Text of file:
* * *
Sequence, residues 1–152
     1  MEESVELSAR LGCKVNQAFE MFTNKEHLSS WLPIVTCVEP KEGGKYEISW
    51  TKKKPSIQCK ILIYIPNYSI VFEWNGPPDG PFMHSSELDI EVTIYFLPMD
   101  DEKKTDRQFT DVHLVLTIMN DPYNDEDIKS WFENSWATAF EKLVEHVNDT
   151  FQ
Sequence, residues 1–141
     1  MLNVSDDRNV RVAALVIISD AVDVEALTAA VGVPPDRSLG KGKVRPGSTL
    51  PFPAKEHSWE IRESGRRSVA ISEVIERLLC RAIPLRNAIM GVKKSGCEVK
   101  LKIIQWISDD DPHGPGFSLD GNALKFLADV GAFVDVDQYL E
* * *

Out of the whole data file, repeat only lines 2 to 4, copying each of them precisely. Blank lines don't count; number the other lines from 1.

     1  MEESVELSAR LGCKVNQAFE MFTNKEHLSS WLPIVTCVEP KEGGKYEISW
    51  TKKKPSIQCK ILIYIPNYSI VFEWNGPPDG PFMHSSELDI EVTIYFLPMD
   101  DEKKTDRQFT DVHLVLTIMN DPYNDEDIKS WFENSWATAF EKLVEHVNDT